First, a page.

CAR brings added benefit to stories throughout the paper, and it’s essential in urban areas that have many facets to be explored through data. But before you can bring the CAR to a city like Phoenix, you’ve got to be confident in your abilities. That’s why Matt Wynn, now Senior Data Reporter at the Arizona Republic, said he’s still thankful for the opportunities he had working with data in Springfield, Mo. He told me each aspect of his career has enabled him to do what he does today.
This profile of Wynn is a part of my continuing series I’m calling “Data Delvers,” where I pass on summaries, quotes and audio clips from conversations with journalists using technology to find, analyze and convey data-driven stories and/or projects to the modern audience.
Power of a small paper
Wynn said he values his experience working with data at the Springfield News-Leader. He got the job, serving as an editor, dirctly after graduating undergrad at the University of Missouri, where he had worked with NICAR. At Missouri, he worked with fellow NICARians Chase Davis, now of California Watch, and Ben Welsh, now of the Los Angeles Times. Mike Pell, now at the Center for Public Integrity, was also in that group. He said smaller papers are essential for learning all the nuances you can’t be taught in school, and learning lessons on a smaller scale.
“It was really fun, and I’m so blessed I got the chance to go there and work with as much data as possible. I could push the boundaries without having to worry too much about failing.”
Bringing interactive data to Phoenix
After a year in Springfield, Wynn moved to the Arizona Republic. He described his job as “taking public info and making it as easy to use as possible.” When he posts data, he tries to make it accessible to the “lowest common denominator.”
“You want people to get as much or as little information as they want or need,” he said.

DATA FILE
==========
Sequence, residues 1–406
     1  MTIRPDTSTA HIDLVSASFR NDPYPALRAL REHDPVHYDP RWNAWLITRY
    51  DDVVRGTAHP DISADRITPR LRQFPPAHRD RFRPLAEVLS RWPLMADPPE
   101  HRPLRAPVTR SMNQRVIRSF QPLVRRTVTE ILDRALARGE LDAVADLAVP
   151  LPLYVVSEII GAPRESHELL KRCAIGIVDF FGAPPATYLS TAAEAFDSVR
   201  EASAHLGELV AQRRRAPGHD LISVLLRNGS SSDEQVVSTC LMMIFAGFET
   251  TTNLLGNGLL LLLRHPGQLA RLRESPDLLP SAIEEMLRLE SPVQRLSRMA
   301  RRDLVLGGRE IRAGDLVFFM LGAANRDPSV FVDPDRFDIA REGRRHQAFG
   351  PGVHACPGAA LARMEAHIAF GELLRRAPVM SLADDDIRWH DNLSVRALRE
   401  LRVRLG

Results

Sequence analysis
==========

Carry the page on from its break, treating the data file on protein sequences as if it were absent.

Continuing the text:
Posting data allows the story to live- -and Wynn sees this as an extension of more traditional CAR. “More and more CAR is becoming more about development. The traditional CAR output is a story, and the goal is to get people talking about something. When you post data online, you create an application, the information lives and breathes and is more long-term, it feels like it has more of an impact.
According to Wynn, interactive data pieces are popular, and produce pretty constant traffic. He thinks one of the main factors that helps is that data applications are continuously and automatically updated, so many data features constantly have fresh content.
Bringing data to reporters
Finding story ideas and instilling data culture in the newsroom is another key component of Wynn’s job, he said.
“One success is that we’ve really made people a lot more receptive to data, they see the possibilities. We can pitch ideas, but now, sometimes, reporters come to us with ideas,” he said.
Coding needed for journalists?
To get the tools to post data online, Wynn has dabbled in both Django and PHP.
Wynn said that he advocates journalists learn at least some coding, and if you don’t know something about it, it remains a mystery. “If you’ve never dealt with it, it can be scary. But it’s a tool, and you need to understand what it can do.”